Star-Phoenix from Saskatoon, Saskatchewan, Canada on October 18, 1971 · 19
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Star-Phoenix from Saskatoon, Saskatchewan, Canada · 19

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Location:
Saskatoon, Saskatchewan, Canada
Issue Date:
Monday, October 18, 1971
Page:
19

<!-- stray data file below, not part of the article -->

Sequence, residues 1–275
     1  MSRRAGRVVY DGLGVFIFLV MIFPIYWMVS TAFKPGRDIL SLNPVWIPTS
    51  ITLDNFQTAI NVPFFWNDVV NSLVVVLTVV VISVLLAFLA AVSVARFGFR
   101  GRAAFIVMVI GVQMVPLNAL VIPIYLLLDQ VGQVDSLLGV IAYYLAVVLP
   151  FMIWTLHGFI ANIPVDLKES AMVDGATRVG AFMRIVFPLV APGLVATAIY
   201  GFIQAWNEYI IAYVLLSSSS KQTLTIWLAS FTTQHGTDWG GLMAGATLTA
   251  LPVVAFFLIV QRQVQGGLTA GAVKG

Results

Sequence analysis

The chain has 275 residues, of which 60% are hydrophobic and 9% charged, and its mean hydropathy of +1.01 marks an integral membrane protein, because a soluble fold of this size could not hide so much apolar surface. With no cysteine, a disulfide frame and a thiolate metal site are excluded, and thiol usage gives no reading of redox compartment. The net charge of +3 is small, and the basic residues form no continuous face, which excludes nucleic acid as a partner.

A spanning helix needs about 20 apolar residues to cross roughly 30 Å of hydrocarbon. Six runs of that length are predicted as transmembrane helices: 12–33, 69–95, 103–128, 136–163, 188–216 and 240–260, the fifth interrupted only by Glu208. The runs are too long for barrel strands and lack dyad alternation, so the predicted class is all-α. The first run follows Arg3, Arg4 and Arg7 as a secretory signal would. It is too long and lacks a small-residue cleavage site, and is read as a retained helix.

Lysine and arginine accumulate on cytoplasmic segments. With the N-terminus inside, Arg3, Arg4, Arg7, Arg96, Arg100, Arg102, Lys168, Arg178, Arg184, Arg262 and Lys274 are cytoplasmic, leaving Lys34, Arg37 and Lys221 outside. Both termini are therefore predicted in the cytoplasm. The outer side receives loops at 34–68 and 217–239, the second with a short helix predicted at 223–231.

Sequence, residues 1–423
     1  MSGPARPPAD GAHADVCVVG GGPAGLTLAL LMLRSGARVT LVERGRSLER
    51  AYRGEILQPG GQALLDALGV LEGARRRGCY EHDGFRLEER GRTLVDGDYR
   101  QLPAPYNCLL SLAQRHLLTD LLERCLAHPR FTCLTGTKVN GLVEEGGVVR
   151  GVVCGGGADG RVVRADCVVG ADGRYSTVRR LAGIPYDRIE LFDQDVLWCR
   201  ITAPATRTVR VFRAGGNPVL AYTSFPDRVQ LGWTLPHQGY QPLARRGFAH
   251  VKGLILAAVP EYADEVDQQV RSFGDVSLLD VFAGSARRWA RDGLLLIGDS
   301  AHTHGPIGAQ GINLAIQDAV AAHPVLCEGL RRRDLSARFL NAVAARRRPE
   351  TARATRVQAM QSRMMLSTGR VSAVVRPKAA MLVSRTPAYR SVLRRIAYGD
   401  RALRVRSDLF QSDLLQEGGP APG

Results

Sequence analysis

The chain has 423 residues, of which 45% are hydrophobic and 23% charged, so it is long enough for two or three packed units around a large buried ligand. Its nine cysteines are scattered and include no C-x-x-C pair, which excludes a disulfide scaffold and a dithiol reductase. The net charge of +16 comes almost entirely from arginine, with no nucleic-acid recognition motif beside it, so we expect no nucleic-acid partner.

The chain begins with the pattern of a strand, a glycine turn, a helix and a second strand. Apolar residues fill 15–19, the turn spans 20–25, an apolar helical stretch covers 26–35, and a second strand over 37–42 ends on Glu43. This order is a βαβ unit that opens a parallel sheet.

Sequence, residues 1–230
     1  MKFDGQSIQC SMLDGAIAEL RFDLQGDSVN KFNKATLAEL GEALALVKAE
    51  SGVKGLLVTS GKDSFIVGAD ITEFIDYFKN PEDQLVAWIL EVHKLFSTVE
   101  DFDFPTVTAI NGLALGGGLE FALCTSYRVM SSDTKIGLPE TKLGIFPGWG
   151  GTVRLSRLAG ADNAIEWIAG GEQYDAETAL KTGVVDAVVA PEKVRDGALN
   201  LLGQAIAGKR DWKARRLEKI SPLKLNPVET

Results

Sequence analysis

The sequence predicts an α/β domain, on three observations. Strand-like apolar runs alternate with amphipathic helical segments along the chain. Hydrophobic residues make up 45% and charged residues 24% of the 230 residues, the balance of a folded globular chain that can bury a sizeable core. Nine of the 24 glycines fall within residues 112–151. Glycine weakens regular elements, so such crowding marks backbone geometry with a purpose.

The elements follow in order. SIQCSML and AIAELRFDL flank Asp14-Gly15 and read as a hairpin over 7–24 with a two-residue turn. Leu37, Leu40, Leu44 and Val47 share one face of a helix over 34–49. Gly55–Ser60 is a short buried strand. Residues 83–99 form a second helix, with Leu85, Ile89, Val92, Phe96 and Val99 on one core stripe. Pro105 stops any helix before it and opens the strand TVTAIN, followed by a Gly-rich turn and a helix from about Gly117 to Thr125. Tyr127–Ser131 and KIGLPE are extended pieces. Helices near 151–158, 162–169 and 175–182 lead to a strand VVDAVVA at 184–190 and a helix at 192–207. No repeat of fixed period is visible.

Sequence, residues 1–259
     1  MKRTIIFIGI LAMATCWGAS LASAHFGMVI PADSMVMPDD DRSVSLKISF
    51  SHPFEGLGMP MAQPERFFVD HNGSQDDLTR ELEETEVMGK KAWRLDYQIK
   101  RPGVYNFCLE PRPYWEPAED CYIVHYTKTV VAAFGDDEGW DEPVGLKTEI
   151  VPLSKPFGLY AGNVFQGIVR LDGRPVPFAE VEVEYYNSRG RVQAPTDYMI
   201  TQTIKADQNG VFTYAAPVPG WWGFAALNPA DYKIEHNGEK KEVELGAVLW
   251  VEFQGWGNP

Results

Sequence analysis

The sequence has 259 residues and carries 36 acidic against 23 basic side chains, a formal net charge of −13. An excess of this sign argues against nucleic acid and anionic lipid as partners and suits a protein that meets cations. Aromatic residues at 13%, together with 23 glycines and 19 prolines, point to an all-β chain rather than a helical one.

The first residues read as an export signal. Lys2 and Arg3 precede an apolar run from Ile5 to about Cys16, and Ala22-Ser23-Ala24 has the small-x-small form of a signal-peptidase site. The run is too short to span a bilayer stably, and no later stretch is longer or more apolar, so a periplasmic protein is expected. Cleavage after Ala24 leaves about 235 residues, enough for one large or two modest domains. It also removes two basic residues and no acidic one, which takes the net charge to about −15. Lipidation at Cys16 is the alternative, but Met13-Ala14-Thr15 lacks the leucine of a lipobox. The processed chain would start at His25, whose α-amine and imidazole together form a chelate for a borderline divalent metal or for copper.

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the STAR-PHOENIX Saskatoon, Monday, October 18, 1971 19 ON FBIS MOST-W ANTED LIST FOR 17 MONTHS Elusive H. Rap Brown turns up in shoot-out NEW YORK (AP) H. Rap Brown, the black militant on the FBI's most-wanted list for 17 months, was reported in fair condition Sunday after abdominal surgery following a shootout with police during a holdup. Held in $150,000 bail each for hearings today are Sam Petty, 23, of St. Louis, reported to be Brown's bodyguard, and two other men. Brown's lawyer, William Kun-stler, refused to identify his client, but police, who took his fingerprints, said: We are going on the assumption that no two sets of fingerprints are identical and, as far as we are concerned, this man is H. Rap Brown. From his bed in hospital, Brown, 28, was charged by telephone with attempted homicide, robbery and possession of a dangerous weapon. Petty, Arthur Young, 25, and Levi Valentine, 24, all of St. Louis, also were charged with attempted homicide, robbery and possession of a dangerous weapon. They appeared in night court Saturday. Mayor John V. Lindsay visited patrolman Gary Hunt, badly wounded during the incident, but hospital authorities said the mayor did not see Brown. The long-missing Brown surfaced about 3 a.m. Saturday when a passer-by called police to report he could see a holdup going on in the Red Carpet Bar on West 85th Street in Manhattan. A group of men shooting craps on the sidewalk outside were herded into the bar and also robbed. The victims, all black, were forced to lie on the floor while their valuables were collected and put in a plastic garbage bag which was later recovered. Six police cars answered the call about the robbery and the gun battle began. During the firing another patrolman, Salvatore Rosato, was hit in the hand. Brown and one of the other suspects fled into an apartment building near the corner of Columbus Ave. The second man was captured and Brown was wounded in an exchange of gunfire which left the building lobby a shambles, tenants reported. Despite his injury, Brown was able to enter an elevator and pushed the button marked Penthouse. Getting out on the 13th floor, he dragged himself past an incinerator and up seven steps. He then climbed another 15 steps to the roof, leaped a four- foot parapet and jumped 18 feet to a terrace below. There, authorities said,' a poll c e m a n shot and wounded Brown a second time. Brown disappeared when he was scheduled to stand trial in Bel Air, Md., on charges of arson and inciting to riot in Cambridge, Md. Maryland Attorney-General Francis B. Burch said his state will not decide on whether to institute extradition proceedings until legal action in the case here is completed. TENDERS (Continued) Organisers fail to kit 10,000 goal Violence erupts following WMA protest rally MONTREAL (CP) About march on the offices of La cades in nearby side streets. sponsibility ended when the ing speeches in front of the Hy- i tnn persons held a ""A hour Presse, the French-Language Organizers of the march the demonstrations ended at Hy- dro - Quebec building where daily that has locked out com- Common Front for the Defence dro-Quebec. Quebec premier Robert Bour- parade tnrougn e .t-c at posjng room workers since July, of the French language held an The marshals tried to curtail assa has his Montreal office, Montreal Saturday In support of but were repulsed by riot police immediate news conference to any acts of violence during the outspoken labor leader Michel a PYonrh.nniv nnphsp nnH to ringjng the building. disclaim all responsibility for march and at one point in front Chartrand scathingly denounced Five police were hit by pro- the incident. 0f the, east-end headquarters of youths throwing o ttles as jectiles as they rushed two Reggie Chartrand, former the provincial police, marshal damn chickens, makeshift barricades erected by boxer and leader of the Cheva- Jean Heribeault stopped one Politics and the revolution Organizers had predicted at the protesters while a sixth tiers de llndependance who youth just before he tossed a theyre made with the people, least 10,000 persons would turn fractured his fingers trying to helped co-ordinate 250 volunteer bottle. not by throwing stones while out and delayed the march for brea( down one of the barri. paracie marshals, said "our re- At the end of the march dur- hiding in a crowd. 30 minutes waiting in vain for more supporters. Aside from a few broken windows, few incidents marked the march until it officially ended and several hundred youths engaged in a rock-throwing battle with police which left six police injured and nine demonstrators under arrest. The youths had attempted to Raymond Lemieux, former leader of a campaign for French-only schools in suburban St. Leonard and another organizer of Saturdays march, told the later news conference a small group of "Maoists adventurers and agents provocateurs tried to disrupt the protest and didnt succeed. Despite the turnout, Mr. Lemieux claimed the demonstration was a complete success. In other developments: Police confirmed they are investigating an alleged Front de Liberation du Quebec com munique announcing the "Perreault cell and threatening exploiters of the people. Military vehicles moved through Montreal but Capt. W. K. R. ODonnell, an armed forces information officer, stressed "it has nothing, absolutely nothing, to do with the War Measures Act or Saturdays protest. The Canadian Press had been told by the armed forces early last week that many army vehicles and troops would be moving through Montreal as soldiers returned from exercises near Camp Gagetown, N.B. OTTAWA (CP) Party for MPs when they tackle the plow into clause-by-clause study ground rules to cut some proce-house leaders are trying to find governments massive tax bill. of the bill today, house leaders Hnrai mrnr a way to make the job easier With members scheduled to are trying to agree on some START HERE CLIP YOURSELF SOME MOREY s Print your own Classified Ad 'rT Its easy, just print one word in each space AD COST HERE Minimum Charge 75 cents for 12 words. Each additional word 6 cents. Ads runs six consecutive days for the price of five. Name, address, box number or phone number count as part ot the ad. Initials, abbreviations, figures In groups of five or less count as one word. (Phone numbers two words). NAME ADDRESS PHONE Please insert my ad for consecutive days. Enclosed is $ MAIL TO: Classified Ads, Star-Phoenix, 204 - 5th Ave., North, Saskatoon J dural corners. Government House Leader Allan MacEachen met briefly Friday with his three opposition counterparts to discuss the time saving idea. Stanley Knowles, of the New Democratic Party, says there should be a meeting this week to arrange an orderly system of dealing with the 707-page bill and the reams of proposed amendments the government already has proposed 95 amendments. With 257 parts to clause one alone, there is nothing to prevent anyone from standing up and asking for an explanation on each one, said Mr. Knowles. In theory, it could be an infinite process, one MP remarked. The legislation, which would raise tax exemptions for individuals and introduce a capital gains tax, among other changes, was introduced for routine first reading last June 30 as MPs adjourned for summer vacation. After 12 days of debate on general principles since the Commons resumed Sept. 7, the bill passed second-reading stage last Tuesday. The government aims to have the bill and amendments passed through Commons and Senate in time to become law by Jan. 1. Torture of IRA suspects alleged BELFAST (CP) Guerrilla The statefents of the 11 after gunmen killed another British their experience are jumbled soldier Sunday as a London and often incoherent, said the newspaper charged that inter- paper. It said they were kept in rogators are torturing suspected a room where the only sound members of the Irish Re- was "a high-pitched throb, publican Army interned without which the detainees usually trial. The Ulster government liken to an air compressor. 1 said the torture charges are un- The noise literally drove them true- out of their minds, the paper Informed sources in Belfast said, said police believe two more The Sunday Times said one 0 shipments of weapons are bound the 11 subsequently had been from Europe to the IRA. The released and was being treated Dutch seized a planeload of for mentai dis0rder resulting Czechoslovak arms at Amster- fr0m the interrogation. BANKRUPTCY SALE By Tender MANNING MERCURY SALES (S.C.i LTD. SWIFT CURRENT SASK. Tenders villi be received up to 5:00 p.m. on October 23. 1971 lor the purchase ot the following assets BY LUTS: Lot A USED CARS, TRUCK and TRAILERS Cars: 2-1960's. 1-1933. 2-1964's, 3-1965s. 6-1968S. 3-19fl78, M9088, 7-1969S. 3-19708, 5-1971a (1 Cortina) Trucks: 1-1965. 2-19668, 2-19678, 2-1970S. 21971S. House Trailers: ' 2-single axle. Items located on used car lot. corner of Cheadle and 4th S.W., Swift Current. Sask. Lot BM FORD PARTS Class D 134.221.00 Class A 454.00 Class B 152.00 Class S" 2.153.00 Other Parts: 12,026.00 Lot "C" SHOP EQUIPMENT Complete line including engine and analvsers and scopes. Rotunda wheel alignment unit. Lot D SKIDOOS. BOATS. MOTORS. TRAILERS 3 new. 10 used Skidooe. 7 new Skirloo trailers. 3 boats. 5 boat trailers and 3 outboard motors. Lot E OFFICE FURNITURE AND EQUIPMENT Desks. Chairs. Copying Machine, Air Conditioner. Adding machines etc. Individual tenders will be accepted on the following Items located at Cheadle and 4th N.W.. Swift Current Saskatchewan: 1-2500 bu. plywood farm grain bin with approximately 200 bushels of barley. 1-Grain Auger. I-Used car sales office. Detailed lists of Lots B. C. D and E are available for perusal at 1002 C.N. Towers, Saskatoon. Sask. and at the office of I.A.C. Ltd., The Plaza, in Swift Current Sask. Inspection of all goods advertised may be arranged by contacting Mr. E. Goodwin. I.A.C. Ltd., the Plaza in Swift Current, Phone 773-7218. All tenders are to be sealed and marked: Tender M.M. lot A Tender M.M. lot B Tender M.M. lot C Tender M.M. lot D" Tender M.M. lot E Tender M.M. (item) Tenders are to be addressed to: C. W. Worden. C. A. Trustee 1002 CN Towers. Saskatoon. Saskatchewan. Bidders are invited to attend the opetung of tenders at the office of the Trustee on Monday. October 25th. 1971 at 9:00 A.M. Tenders must be accompanied by a certified cheque in the amount of 10 of the tender offer. Successful bidders shall within 48 hours after official notification of acceptance of their tenders, forward the balance of purchase price to the Trustee. The Trustee reserves the right to reject any or all tenders. C. W. Worden. C. A. Trustee 1002 CN Towers. Saskatoon, Saskatchewan. Telephone 652-7071. 10-19-c NOTICES dam during the weekend and were searching for three suspects with IRA connections. The soldier was the third British trooper to die during a weekend of riots, bombing and Replying to the charges, Prime Minister Brian Faulkner of Northern Ireland said in a broadcast: "I can state categorically that guTbaUles. HewaTwUh a Tt patrol in the Roman Catholic e.n ubJ!ted iti area of Ballymurphy whet, shot 1JL n 1 by the nty from ambush. The. other two 1 rLe5 men were shot by snipers in Belfast and Londonderry, Northern Ireland's second largest city. In one of the weekend battles, a civilian gunman was killed and two policemen seriously wounded. At least 126 persons have died in more than two years of violence in Ulster, and the British Army was pouring 2.000 more troops into the country in an attempt to counter the escalating attacks of the IRA. Meanwhile, British Prime Minister Edward Heath called for a full report on charges by the London Sunday Times that IRA suspects Interned In Ulster are being tortured. The newspaper said it had sworn statements from 11 internees and from a 12th who had been released that they were subjected to "disorientation techniques while being questioned at an army base outside Belfast. The interrogation was carried out by special security members of the Royal Uls- Siar-Phocnix Wanl Ad Rales: Six Cents Per Kurd Per Day Six Consecutive Insertions fur tbe Price of Five Minimum Count 12 words Minimum Charge 75c Per Day Classified Display is charged at 13.78 per single columu inch. Where to point or large type is desired by the advertiser for the complete advertisement, the rale per word is 12c per day. Minimum count 12 words, minimum daily charge $1.50. Figures in groups of five or Less, dollar marks, initial letters, etc., count as one word. Where one line is set in io point and the balance set in ordinary classified type the charge is 75c per day for the 10 point line. Where the use of a box number is desired, count as four words extra. If replies are to be mailed to out-oi-town points, please add 10 cents to cover cost of postage. While every endeavor will be nude to forward replies to box numbers to the advertiser as soon as possible. we accept no liability in respect of loss or damage alleged to rise through either failure or delay in for warding such replies however caused, whether bv negligence or otherwise. City advertisers must pick up box replies at the Star-Phoenix office. The Star-Phoeiux assumes no responsibility for error after the first insertion. ter Constabulary, the report ! K. 1 said. - NOTICE ANNUAL MEETING OF . ELECTORS Local Improvement District No. 989 Public notice Is hereby given that meeting ot the electors ot Local mprovement District No 889 will be leld in the Pierceland Community Hall on Monday, the 25th day of October. 1971, at one o'clock P.M. (Mountain Standard Time) for tbe purpose of receiving the report of the Ratepayers Committee and to discuss mat-ters of public Interest. Dated the 13th day of October. 1971. Nick N, Returning Ozorotl O Ulcer. NOTICE FOR NOMINATION FOR . , , ELECTORS Local Improvement District No. 989 MUNICIPAL ELECTIONS 1971 NoUce Is hereby given that a meeting of the electors of the Local improvement District No. 989 will be held at the Pierceland Community HaU on Monday, the 23th day of October 1971. from one o'clock to three oclock in the attemoon (Mountain Standard Time) for the purpose of nominating candidates for the offices of ratepayers representatives tor each of divisions numbers 2. 4. S and 8. Given under my hand at the Hamlet of Pierceland this 13th Day of October. 1971. Nick N Ozoroff Returning Officer 10-19-c DEATHS KONG THE DEATH OP KEE Kong, age 89 years of No. 16. 208 Avenue B. North, Saskatoon, occurred in a local hospital on October loth. 1971, The funeral service wifi be held on Tuesday. October 19th at 1 p.m. from McKague's Funeral Home, conducted by Rev. W. Ash-win Surviving are: bis wife, and one son, In china, and five grandchildren. Interment will be made in the Chinese SecUon of Woodlawn Cemetery. Guest parking directly south of Funeral Homo, 3rd Ave. and 20th Street. 10-19-c Forget the car once in a while. Arrive happier, take the train. CNTraveliving' comfort. Relax. L Choice of meals, variety of accommodations on most trains. CN's Red, White & Blue fare economy. Family, Youth and Group discounts. And new reduced rates for travellers 65 or over. Think about it. Now. Not in your next traffic jam. QJ W Subsidies may jump $1 billion Cards of thanks. Weddings, etc., rates 3 uo for insertion of ;o lines or less, ; extra line of five words each 30c per line. Semi-Displays Accepted 8:30 a m. to 12 noon daily Monday to Friday for publication following day (except holidays! Deadlines for continues, cancellation or correction of Want Ads 9:00 a.m. day of publication Monday to Friday only. On days when the business office Is closed Want Ads for publication in our next Issue may be left in the gox in the front vestibule ot the Star-Phoenix office. please be sure to leave vour name, address, phone number and numbed of insertions desired. WORD ADS ACCEPTED ) Up to $ p.m. Monday through Friday for following days publication, (except holidays) Display Advertising SCHEDULE OF COPY ACCEPTANCE TUESDAY 12:00 noon (or Thursday. WEDNESDAY 12:00 noon for Friday. THURSDAY 12:00 noon for Saturday. FRIDAY 12:00 noon for Monday. FRIDAY 3:00 p.m. for Tuesday and Wednesday publication. Ail of the above limes on a "copy tn hand basts" allow tint for - copy pick-up and preparation. rmrEicni PF: r'W : 1 ! U'l Tj, WASHINGTON (AP) - The Nixon administration plans to boost farm crop subsidies next year by as much as $1 billion In a new drive to curb production of cbm and other livestock feed grains. i Most of the increase will be used to pay farmers for taking , more cropland from production, i ... . I Direct subsidy payments based i CLOSED ALL DAY j on grain raised on remaining , SATURDAY, SUNDAYS acres also will be boosted, j A record 1971 corn crop of 5.4 billion bushels, nearly one-third j more than last year, is the main cause, The huge crop has led to depressed grain prices and has helped dim hopes for a general improvement in farm Income, Now, the administration says, If feed planting next spring Is not reduced sharply, the U.S. would be headed for a new era of grain surplus and price difficulties. The agriculture department ! was to Introduce the new plan I Tenders Clearly marked aa to content tnduv are invited for the purchase of Lot 6 : in Block 6 In the TnwnsHe of Watrous Basically, the administration and the building thereon known as the I. School Unit office, poa.e.alon 1st Jantt- is asking farmers to take per- j ,rv. W72. closing date for tender 8th haps 40 million acres or mote November. 107l with no tender nevea-t from feed production next year. 1 rllv j Including com, sorghums and! fe'o" wunm tEL" i barley. 10-ia-c LIPSETT THE DEATH OF MRS. Maude Mary Lipsett, age 81 years of 4o2-33rd Street. W-, Saskatoon occurred in a local nursing home on Uctober 16. 1971. The funeral service will be held on Tuesday. October 39th at 1.30 p.m. from the Chapel of Saskatoon Funeral Home, conducted by Rev. Peter Millen. (Donations to the Canadian Arthritis and Rheumatism Society. Room 4. 1651-Uth Avenue. Regina. In lieu of flowers would be appreciated.) Surviving are: her husband. Tom: two sons: Robert and John both of Saskatoon: three daughters. Mrs. H. Summach (Florence) and Mrs S Arnold iMolly) both of Saskatoon and Mrs. G. Miller (Ruth) of Toronto, and 10 grandchildren. Mrs. Lip-sett was born in Ireland and came to Saskatoon in 1922. She had resided in Saskatoon for many years. Interment will take place In Wood-lawn Cemetery, t Courtesy parking south of the Chapel on 4th Avenue at 25th Street.) 10-19-c MacLEAN THE PASSING OF MR. Kenneth MacLean. age 83 years, of Cedars Villa Nursing Home, formerly of Dinsmore. sank., occurred in a Saskatoon hospital on Oct. 16. The funeral service will be held on Tuesday. October 19 at 1.30 p.m.. front Park Funeral Chapel, conducted bv Dr. R. Davidson. Surviving are: two son. John of Dinsmore and Ronald of Saskatoon; also four grandchildren; a brother. Alex, resides in Chicago. Mr. MacLean was predeceased bv his wife Netta iu 1970 and bv a daughter. Margaret, in 1948. Born in RosNhire. Scotland. Mr. Mao Lean came to Canada in 1910 to B.C. He moved to Aimcrlev, Sask. in 1912 and at the outbreak of the First World War folned the 1st Battalion, seeing sendee in France where he was wounded. After .the war he returned to Annerlev where he fanned until 1651 when he retired and moved to Dinsmore. tn 1970 Mr. MacLean moved to Saskatoon, residing here until his death. Mr. MacLean was a member of the Masonic Lodge Dlhston A.P. and A.M. of Dinsmore. Sask. Interment will be made in the family plot In the Dinsmore Cemetery. 10-19-c OLSON THE PASSING OF MR. Gordon Olson, age 49 yearn of Thunder Bay, Out. occurred at Thunder Bay on Oct. 11. The funeral service will be held on Wednesday, Oct. 29 at 2 p m. from the Hanley Lutheran Church, conducted by Pastor Burstead. Park Funeral Chapel will be in charge. Surviving are: three brothers, Marvin and Stanley of Saskatoon and Randolph of Kensston, Sask.: four sisters: (Gladys) Mrs. J. Opaeth, Saskatoon. Funlce) Mrs. L. Johnson of Hanley. Sask.. (Verna) Mrs. L. Rwarich of KcnaMon and tStella) Mrs. w. Jess of Strongffeld Rank. Mr Olson was born tn Kenaston and took his ichooling there. He worked as a diamond driller tn Ontario. Interment wilt be made In tha family plot in the Hanley cemetery. 40-19-c I